Lottery Post Journal

Bush Attacks Kerry for 'Dour Pessimism'

An UNEDITED story from Reuters today:

CHANHASSEN, Minn. (Reuters) - President Bush sought momentum on Saturday from his second debate with Democratic Sen. John Kerry by attacking Kerry for saying he has a consistent position on Iraq and would not raise middle-class taxes.

"Who's he trying to kid?" Bush told thousands of cheering supporters in the Minneapolis suburb of Chanhassen. "He can run, but he can't hide."

Bush aides were clearly buoyed by Bush's aggressive pernormance on Friday night after the president was widely panned for a lackluster pernormance in their first debate that helped the Massachusetts senator catch up in the polls.

At stump speeches in the swing states of Iowa and Minnesota, and earlier in St. Louis, Bush jumped on Kerry's debate denial that he had shifted positions on Iraq.

Kerry had said: "I've never changed my mind about Iraq. I do believe Saddam Hussein was a threat. I always believed he was a threat."

"With a straight face he said, 'I have only had one position on Iraq,"' Bush told about 8,000 supporters at a rally in Waterloo, Iowa. "I could barely contain myself. He must think we've been on another planet."

Bush said Kerry had said in the spring of 2003 it was the right decision to invade Iraq but now says it was the wrong war. Kerry has said repeatedly that Bush rushed to war without a plan to win the peace.

"You know, after listening to his litany of complaints and his dour pessimism, it was all I could do not to make a bad face," said Bush, criticized after the first debate for scowling and looking irritated.

Bush aides rejected Kerry camp charges that Bush got angry at the debate when Kerry complained about "going it alone" in Iraq. "You tell Tony Blair we're going it alone," Bush had said, referring to the British prime minister, an Iraq ally.


Bush senior campaign adviser Karen Hughes said Bush was "impassioned" and "he was not going to let it stand."

Bush also challenged Kerry's pledge not to raise taxes on middle-class Americans to pay for his spending promises.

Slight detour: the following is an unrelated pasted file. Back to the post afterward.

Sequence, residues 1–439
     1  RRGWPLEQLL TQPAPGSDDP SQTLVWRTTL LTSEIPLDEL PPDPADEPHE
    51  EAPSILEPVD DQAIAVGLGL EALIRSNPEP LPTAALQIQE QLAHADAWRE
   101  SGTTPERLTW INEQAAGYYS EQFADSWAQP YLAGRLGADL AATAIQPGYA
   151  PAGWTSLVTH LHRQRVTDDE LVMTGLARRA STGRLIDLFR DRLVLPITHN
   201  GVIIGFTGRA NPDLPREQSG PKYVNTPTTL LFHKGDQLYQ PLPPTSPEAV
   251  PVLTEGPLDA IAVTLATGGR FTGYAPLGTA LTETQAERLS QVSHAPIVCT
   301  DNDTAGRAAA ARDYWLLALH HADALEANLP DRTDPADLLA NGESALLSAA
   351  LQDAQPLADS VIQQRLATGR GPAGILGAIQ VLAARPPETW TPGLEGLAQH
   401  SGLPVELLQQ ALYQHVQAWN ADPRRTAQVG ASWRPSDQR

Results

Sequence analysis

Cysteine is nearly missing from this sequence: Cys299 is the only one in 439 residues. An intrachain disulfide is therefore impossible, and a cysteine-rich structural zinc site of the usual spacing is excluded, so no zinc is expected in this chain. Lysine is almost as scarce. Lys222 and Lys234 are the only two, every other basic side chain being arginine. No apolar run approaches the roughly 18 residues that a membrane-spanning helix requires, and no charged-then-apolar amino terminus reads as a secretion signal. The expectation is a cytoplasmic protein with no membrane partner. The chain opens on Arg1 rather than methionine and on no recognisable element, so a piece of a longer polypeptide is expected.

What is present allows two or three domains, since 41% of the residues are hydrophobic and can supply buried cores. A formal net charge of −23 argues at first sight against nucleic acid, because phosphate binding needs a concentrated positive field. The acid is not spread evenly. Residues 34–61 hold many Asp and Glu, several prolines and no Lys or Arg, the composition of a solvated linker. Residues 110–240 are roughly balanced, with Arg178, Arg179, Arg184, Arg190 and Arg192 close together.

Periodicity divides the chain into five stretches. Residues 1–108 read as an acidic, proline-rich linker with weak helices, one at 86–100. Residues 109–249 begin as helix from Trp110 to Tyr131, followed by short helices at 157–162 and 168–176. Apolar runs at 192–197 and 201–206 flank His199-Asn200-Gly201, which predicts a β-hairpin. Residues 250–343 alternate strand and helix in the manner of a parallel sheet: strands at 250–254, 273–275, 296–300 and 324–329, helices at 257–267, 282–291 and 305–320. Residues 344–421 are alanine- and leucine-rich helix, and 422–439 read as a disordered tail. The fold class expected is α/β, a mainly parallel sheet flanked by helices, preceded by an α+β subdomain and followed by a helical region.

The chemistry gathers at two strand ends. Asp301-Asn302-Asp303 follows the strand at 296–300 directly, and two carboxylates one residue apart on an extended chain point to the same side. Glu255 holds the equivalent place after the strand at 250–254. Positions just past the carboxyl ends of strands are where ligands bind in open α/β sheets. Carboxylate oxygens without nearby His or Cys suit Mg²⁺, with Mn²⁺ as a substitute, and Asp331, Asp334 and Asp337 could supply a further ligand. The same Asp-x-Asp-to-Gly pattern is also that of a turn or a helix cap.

"We're not going to let (the) senator tax you. We're going to whip him in November," Bush said.

Asked if he would pledge not to raise taxes on middle-class Americans, Kerry looked into the camera and said: "I am not going to raise taxes. I have a tax cut."

Bush estimated Kerry's spending promises at $2 trillion and that his plan to take away tax cuts for Americans making more than $200,000 a year would raise $600 billion to $800 billion, leaving a gap of at least $1.2 trillion. The Kerry campaign disputes those figures.

"He can't have it both ways. To pay for the big spending program he's outlined during his campaign he will have to raise your taxes. He can run but he cannot hide," Bush said.

The Kerry campaign dismissed Bush's charges.

"The president continues to think he is running against some imaginary figure that his ad-makers created. It's time to come back to reality. He's running against John Kerry, who has a plan to get the country back on track," Kerry campaign spokesman Phil Singer said.

The third and last presidential debate is on Wednesday in Tempe, Arizona.

Bush's senior adviser, Karl Rove, said Bush would attack Kerry's 20-year Senate record again and try to portray him as a liberal out of touch with mainstream America.


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